Perfection is finally attained not when there is no longer anything to add, but when there is no longer anything to take away.

- Antoine de Saint-Exupéry

Falcon is a reliable, high-performance Python web framework for building large-scale app backends and microservices. It encourages the REST architectural style, and tries to do as little as possible while remaining highly effective.

Falcon apps work with any WSGI server, and run like a champ under CPython 3.5+ and PyPy 3.5+.


Falcon tries to do as little as possible while remaining highly effective.

  • ASGI, WSGI, and WebSocket support

  • Native asyncio support

  • No reliance on magic globals for routing and state management

  • Stable interfaces with an emphasis on backwards-compatibility

  • Simple API modeling through centralized RESTful routing

  • Highly-optimized, extensible code base

  • Easy access to headers and bodies through request and response objects

  • DRY request processing via middleware components and hooks

  • Strict adherence to RFCs

  • Idiomatic HTTP error responses

  • Straightforward exception handling

  • Snappy testing with WSGI/ASGI helpers and mocks

  • CPython 3.5+ and PyPy 3.5+ support

How is Falcon different?

We designed Falcon to support the demanding needs of large-scale microservices and responsive app backends. Falcon complements more general Python web frameworks by providing bare-metal performance, reliability, and flexibility wherever you need it.

Fast. Same hardware, more requests. Falcon turns around requests several times faster than most other Python frameworks. For an extra speed boost, Falcon compiles itself with Cython when available, and also works well with PyPy. Considering a move to another programming language? Benchmark with Falcon + PyPy first.

Reliable. We go to great lengths to avoid introducing breaking changes, and when we do they are fully documented and only introduced (in the spirit of SemVer) with a major version increment. The code is rigorously tested with numerous inputs and we require 100% coverage at all times. Falcon does not depend on any external Python packages.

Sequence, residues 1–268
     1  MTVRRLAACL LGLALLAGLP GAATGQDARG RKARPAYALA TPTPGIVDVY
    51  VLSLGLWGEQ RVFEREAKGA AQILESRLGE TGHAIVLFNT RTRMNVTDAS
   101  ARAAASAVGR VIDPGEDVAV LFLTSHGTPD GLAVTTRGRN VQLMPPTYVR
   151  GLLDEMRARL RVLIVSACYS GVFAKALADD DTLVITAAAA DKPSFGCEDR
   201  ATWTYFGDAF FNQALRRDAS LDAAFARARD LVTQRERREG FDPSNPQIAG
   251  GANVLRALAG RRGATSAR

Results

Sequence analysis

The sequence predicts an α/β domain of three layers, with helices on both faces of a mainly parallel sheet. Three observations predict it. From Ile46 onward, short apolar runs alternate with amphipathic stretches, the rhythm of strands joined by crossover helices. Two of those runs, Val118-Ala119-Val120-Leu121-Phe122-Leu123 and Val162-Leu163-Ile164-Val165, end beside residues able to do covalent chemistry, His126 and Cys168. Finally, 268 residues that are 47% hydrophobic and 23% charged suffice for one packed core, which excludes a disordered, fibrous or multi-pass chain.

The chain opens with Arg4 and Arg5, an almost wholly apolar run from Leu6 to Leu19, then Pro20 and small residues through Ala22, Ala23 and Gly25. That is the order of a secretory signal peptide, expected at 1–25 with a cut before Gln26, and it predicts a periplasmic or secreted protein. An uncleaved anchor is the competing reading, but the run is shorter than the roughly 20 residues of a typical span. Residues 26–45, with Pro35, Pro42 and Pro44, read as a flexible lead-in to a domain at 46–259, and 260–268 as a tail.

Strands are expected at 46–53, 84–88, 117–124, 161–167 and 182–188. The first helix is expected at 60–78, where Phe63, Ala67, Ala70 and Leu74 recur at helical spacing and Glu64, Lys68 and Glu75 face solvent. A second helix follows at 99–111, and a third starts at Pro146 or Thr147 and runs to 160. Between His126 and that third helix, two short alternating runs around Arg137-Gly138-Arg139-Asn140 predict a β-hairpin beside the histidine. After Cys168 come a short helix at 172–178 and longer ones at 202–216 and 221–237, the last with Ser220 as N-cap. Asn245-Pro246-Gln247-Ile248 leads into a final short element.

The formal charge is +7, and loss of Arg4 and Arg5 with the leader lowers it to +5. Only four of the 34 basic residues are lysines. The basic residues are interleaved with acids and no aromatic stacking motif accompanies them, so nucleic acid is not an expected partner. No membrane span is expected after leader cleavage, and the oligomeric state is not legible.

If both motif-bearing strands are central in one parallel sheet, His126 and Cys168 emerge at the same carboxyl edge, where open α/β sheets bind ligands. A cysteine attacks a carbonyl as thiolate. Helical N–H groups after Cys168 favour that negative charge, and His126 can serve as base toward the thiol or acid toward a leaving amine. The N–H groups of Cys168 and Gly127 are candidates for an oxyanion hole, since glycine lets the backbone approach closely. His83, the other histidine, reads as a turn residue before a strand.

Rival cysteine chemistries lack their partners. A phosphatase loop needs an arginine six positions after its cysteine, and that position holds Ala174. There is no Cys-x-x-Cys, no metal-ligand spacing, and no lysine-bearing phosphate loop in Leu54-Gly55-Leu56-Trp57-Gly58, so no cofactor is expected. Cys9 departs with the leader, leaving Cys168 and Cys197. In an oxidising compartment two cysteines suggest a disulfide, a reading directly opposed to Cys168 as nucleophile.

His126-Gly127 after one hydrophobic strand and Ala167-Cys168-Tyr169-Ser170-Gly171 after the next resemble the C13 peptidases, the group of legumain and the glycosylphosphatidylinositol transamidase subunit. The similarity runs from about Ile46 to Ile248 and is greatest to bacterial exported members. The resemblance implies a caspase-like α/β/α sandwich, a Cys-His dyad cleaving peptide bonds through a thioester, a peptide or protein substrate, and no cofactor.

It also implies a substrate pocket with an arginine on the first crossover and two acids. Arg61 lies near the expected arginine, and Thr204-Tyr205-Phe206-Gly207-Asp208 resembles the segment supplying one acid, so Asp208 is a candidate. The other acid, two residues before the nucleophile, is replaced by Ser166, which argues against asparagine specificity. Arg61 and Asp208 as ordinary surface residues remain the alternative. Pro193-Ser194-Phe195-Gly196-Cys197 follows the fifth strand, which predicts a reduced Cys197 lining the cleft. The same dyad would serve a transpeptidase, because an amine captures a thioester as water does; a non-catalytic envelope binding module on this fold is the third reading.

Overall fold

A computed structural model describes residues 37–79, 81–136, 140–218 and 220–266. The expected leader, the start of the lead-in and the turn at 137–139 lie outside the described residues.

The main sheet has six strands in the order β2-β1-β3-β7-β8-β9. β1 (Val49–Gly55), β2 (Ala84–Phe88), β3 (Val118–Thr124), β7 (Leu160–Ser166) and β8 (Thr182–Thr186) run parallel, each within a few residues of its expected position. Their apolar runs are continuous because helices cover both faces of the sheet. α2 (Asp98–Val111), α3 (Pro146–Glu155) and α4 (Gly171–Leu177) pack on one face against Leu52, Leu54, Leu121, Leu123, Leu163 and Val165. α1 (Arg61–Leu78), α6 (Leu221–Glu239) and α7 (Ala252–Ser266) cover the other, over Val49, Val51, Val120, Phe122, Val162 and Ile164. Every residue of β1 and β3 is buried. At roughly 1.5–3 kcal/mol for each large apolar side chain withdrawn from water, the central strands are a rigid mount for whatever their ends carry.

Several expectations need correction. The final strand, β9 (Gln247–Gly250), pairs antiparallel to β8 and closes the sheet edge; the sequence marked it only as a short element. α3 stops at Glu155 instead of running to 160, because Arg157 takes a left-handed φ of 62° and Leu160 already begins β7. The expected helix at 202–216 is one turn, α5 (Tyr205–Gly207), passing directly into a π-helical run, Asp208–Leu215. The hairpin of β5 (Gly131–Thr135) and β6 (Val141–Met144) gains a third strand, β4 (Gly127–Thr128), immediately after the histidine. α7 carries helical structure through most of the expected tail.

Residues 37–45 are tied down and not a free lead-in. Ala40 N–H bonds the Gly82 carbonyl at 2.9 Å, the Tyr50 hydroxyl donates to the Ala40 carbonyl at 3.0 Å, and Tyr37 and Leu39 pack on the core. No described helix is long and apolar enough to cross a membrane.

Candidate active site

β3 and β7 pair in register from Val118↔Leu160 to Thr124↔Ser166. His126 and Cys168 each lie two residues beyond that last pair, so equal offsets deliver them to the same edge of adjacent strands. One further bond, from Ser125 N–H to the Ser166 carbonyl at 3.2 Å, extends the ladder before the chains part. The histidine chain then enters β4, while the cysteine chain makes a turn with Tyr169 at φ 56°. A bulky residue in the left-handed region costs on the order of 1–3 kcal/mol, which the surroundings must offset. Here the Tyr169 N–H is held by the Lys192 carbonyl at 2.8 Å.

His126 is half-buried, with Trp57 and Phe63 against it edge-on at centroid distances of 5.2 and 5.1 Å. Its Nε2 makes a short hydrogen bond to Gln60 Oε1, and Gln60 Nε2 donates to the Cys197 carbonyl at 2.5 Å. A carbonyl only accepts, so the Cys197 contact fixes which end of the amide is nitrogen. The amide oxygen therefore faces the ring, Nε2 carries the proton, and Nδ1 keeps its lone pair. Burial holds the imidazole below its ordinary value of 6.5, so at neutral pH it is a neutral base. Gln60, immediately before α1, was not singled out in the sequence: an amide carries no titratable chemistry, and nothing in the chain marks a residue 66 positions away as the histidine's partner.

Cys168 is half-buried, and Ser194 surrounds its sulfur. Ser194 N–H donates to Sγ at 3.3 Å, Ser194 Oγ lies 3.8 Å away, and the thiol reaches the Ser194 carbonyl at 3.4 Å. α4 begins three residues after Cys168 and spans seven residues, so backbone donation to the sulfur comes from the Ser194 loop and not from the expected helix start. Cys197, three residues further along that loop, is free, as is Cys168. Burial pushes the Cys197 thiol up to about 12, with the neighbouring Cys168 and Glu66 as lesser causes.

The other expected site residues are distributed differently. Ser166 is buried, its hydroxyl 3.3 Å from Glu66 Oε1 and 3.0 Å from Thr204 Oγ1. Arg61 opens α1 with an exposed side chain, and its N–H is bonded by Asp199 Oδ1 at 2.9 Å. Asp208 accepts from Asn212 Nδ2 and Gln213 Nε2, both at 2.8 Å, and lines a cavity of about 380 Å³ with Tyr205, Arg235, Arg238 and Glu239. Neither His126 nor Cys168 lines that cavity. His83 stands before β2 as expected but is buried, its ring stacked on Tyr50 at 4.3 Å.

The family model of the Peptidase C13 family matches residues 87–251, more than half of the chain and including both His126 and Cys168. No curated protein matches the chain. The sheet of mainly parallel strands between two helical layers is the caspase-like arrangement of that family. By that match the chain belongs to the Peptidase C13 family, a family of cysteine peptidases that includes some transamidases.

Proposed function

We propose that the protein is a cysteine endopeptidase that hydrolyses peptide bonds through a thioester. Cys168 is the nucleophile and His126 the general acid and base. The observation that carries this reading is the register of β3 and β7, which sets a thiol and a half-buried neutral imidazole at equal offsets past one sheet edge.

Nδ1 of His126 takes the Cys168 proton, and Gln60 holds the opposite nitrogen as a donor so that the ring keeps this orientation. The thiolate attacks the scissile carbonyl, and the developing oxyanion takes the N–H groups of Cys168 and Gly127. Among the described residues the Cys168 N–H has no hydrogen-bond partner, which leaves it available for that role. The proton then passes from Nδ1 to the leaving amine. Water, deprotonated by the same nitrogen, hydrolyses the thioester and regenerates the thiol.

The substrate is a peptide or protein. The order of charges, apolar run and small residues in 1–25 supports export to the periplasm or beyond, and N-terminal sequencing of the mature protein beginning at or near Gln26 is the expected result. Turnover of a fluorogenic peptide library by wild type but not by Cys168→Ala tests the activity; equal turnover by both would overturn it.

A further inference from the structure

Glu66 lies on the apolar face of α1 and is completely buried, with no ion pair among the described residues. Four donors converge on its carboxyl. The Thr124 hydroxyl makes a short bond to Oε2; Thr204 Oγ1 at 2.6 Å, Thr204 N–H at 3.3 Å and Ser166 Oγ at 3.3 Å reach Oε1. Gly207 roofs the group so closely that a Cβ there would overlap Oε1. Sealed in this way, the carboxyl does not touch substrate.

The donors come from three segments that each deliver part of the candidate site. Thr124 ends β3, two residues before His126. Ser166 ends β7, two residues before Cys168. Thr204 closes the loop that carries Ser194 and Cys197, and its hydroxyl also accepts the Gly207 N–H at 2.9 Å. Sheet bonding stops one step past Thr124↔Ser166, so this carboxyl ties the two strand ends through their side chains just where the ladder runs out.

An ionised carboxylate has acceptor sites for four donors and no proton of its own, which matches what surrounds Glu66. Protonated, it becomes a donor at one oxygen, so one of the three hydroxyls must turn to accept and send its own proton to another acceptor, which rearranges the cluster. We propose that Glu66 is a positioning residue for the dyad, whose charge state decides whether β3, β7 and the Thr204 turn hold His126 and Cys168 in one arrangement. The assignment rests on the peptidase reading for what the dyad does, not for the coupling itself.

Debuggable. Falcon eschews magic. It’s easy to tell which inputs lead to which outputs. To avoid incentivizing the use of hard-to-debug global state, Falcon does not use decorators to define routes. Unhandled exceptions are never encapsulated or masked. Potentially surprising behaviors, such as automatic request body parsing, are well-documented and disabled by default. Finally, we take care to keep logic paths within the framework simple, shallow and understandable. All of this makes it easier to reason about the code and to debug edge cases in large-scale deployments.

Flexible. Falcon leaves a lot of decisions and implementation details to you, the API developer. This gives you a lot of freedom to customize and tune your implementation. Due to Falcon’s minimalist design, Python community members are free to independently innovate on Falcon add-ons and complementary packages.

About Apache 2.0

Falcon is released under the terms of the Apache 2.0 License. This means that you can use it in your commercial applications without having to also open-source your own code. It also means that if someone happens to contribute code that is associated with a patent, you are granted a free license to use said patent. That’s a pretty sweet deal.

Now, if you do make changes to Falcon itself, please consider contributing your awesome work back to the community.

Falcon License

Copyright 2012-2017 by Rackspace Hosting, Inc. and other contributors, as noted in the individual source code files.

Licensed under the Apache License, Version 2.0 (the “License”); you may not use this file except in compliance with the License. You may obtain a copy of the License at

Unless required by applicable law or agreed to in writing, software distributed under the License is distributed on an “AS IS” BASIS, WITHOUT WARRANTIES OR CONDITIONS OF ANY KIND, either express or implied. See the License for the specific language governing permissions and limitations under the License.

By contributing to this project, you agree to also license your source code under the terms of the Apache License, Version 2.0, as described above.